This study included 634 consecutive neurosurgical trauma patients with mild-to-severe TBI admitted in the Department of Neurosurgery, College of Medical Sciences, Bharatpur, Nepal, from January 2013 to August 2014. Data were collected prospectively, and each patient underwent a full clinical examination and imaging on admission. Both imaging score (Marshall) [ Table 1 and Figure 1 ] and clinical score (Rotterdam) [ Table 2 ] were obtained for each individual. The respective score was calculated by the neurosurgical consultant and the radiologist on duty separately and then be tallied. Whenever there was a difference in the score between the two assessments, the highest score was taken for the purpose of this study. A retrospective analysis was then performed. This observational cohort study examined whether clinical, and/or imaging scores were related to early death (30 days mortality); it further compared their accuracy in predicting early death, and beyond this it sought to identify the individual characteristics that had high predictability for early death. Results were formatted, calculated, and P values were assessed using the SPSS 20 software. (IBM SPSS statistics 20 software, Armonk New York, USA)

Table 1

Marshall CT Classification


Figure 1

Computed tomography images with different Marshall computed tomography scores


Table 2

Rotterdam score system


Factors such as hypotension, hypoxia, seizure, time lapse to arrival to hospital, and prehospital management do have an impact on the outcome of the patients. But in the context of a rural medical infrastructure, the proper prehospital management via a rapid response ambulance and paramedical team are still lacking. All the patients brought to the emergency with head injury were initially triaged according to the revised trauma score. After achieving hemodynamic stability, CT scanning and other relevant investigations were carried out to fully assess or rule out coexisting polytrauma as a confounding factor for mortality of the patient.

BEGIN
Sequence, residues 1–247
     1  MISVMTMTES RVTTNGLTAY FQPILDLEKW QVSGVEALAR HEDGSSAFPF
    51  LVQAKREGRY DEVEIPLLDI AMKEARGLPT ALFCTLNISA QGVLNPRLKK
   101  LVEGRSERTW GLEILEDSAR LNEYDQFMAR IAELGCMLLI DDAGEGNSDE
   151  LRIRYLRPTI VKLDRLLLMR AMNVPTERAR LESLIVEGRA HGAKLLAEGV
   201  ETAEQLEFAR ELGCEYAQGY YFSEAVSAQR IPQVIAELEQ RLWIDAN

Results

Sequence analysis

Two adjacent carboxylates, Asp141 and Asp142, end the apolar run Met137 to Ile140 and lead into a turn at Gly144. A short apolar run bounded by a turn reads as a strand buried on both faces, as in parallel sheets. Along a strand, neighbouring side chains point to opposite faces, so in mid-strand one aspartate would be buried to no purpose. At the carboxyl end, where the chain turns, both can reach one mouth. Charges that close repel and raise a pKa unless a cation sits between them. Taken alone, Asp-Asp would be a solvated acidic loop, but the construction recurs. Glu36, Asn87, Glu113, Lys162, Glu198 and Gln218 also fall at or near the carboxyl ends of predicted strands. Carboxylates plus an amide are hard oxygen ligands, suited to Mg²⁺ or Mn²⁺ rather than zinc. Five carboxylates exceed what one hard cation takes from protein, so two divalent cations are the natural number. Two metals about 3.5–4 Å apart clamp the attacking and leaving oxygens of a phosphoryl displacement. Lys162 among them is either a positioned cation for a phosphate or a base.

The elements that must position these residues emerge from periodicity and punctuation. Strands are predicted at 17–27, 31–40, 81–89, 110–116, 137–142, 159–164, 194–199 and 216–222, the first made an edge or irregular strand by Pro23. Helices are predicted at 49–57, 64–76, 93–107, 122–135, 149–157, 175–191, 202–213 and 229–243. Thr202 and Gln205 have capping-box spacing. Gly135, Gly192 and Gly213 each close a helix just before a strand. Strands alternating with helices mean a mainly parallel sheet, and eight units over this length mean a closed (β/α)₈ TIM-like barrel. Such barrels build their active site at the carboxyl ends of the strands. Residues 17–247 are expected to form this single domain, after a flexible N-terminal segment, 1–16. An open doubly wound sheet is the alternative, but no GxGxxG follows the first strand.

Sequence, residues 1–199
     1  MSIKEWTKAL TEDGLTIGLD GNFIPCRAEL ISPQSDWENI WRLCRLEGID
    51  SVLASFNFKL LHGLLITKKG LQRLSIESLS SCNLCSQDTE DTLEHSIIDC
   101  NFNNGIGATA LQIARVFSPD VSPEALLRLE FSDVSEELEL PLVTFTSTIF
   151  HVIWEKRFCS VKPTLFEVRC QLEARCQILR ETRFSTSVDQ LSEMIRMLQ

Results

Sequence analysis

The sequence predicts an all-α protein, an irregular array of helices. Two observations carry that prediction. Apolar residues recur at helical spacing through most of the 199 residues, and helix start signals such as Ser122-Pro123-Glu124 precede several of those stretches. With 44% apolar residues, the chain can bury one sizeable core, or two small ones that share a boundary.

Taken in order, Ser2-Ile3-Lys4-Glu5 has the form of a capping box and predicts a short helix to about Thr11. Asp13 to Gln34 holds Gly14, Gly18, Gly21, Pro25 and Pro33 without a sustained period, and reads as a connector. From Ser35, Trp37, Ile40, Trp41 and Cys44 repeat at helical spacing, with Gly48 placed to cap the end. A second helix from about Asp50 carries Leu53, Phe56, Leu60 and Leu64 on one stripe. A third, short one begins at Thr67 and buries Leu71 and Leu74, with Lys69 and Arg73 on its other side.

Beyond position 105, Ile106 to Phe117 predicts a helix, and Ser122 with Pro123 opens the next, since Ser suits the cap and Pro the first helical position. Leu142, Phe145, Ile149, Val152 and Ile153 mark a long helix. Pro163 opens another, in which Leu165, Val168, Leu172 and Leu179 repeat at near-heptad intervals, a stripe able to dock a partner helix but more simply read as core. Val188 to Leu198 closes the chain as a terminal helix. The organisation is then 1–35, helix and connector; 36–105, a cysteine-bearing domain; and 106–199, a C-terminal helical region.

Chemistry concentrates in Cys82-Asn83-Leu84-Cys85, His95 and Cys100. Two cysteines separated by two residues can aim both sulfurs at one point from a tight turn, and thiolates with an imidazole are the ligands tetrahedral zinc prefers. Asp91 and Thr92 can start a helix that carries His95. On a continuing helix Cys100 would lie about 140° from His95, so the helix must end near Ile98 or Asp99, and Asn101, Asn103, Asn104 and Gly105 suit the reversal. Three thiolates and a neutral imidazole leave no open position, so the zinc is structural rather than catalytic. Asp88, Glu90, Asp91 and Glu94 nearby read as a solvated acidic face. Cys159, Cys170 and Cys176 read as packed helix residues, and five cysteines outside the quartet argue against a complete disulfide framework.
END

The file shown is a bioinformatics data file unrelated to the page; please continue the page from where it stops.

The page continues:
This study was approved by the ethics board of the institution. We avoided a purely retrospective study to avoid a post hoc effect on to the scoring system. Written consent was obtained from all patients or their relatives.


The mean age of the patient with a head injury was 29.1 years, and the age group in our cohort with the highest number of patients enrolled was at ages between 30 and 50 years [ Figure 2 ]. The ratio of adult and pediatric patients was 2.7:1. The male and female ratio was 2.62:1 in our cohort study. The mortality in males was 10% compared to 8% in the females (P = 0.437). Around 40% of the total cases were referred from places that were at least 120 km far from our center. The GCS of the patients listed as per different age groups are shown in Table 3 .

Figure 2

Age distribution of the patients


Table 3

GCS and age category of the patients


When the age group was adjusted for patients with moderate and severe head injury only, the number of patients was also highest in the age group of 30–50 years (47%), followed by the age group of 10–30 years (32%), the age group of 50–70 years (13%), the age group of above 70 (5%), and finally the age group below 10 years (3%). The mortality was highest in the age group of 30–50 years (46.66%) followed by age group of 10–30 years (31.66%), 50–70 years (13.33%), above 70 years (5%), and finally below 10 years (3.33%) [ Figure 3 ].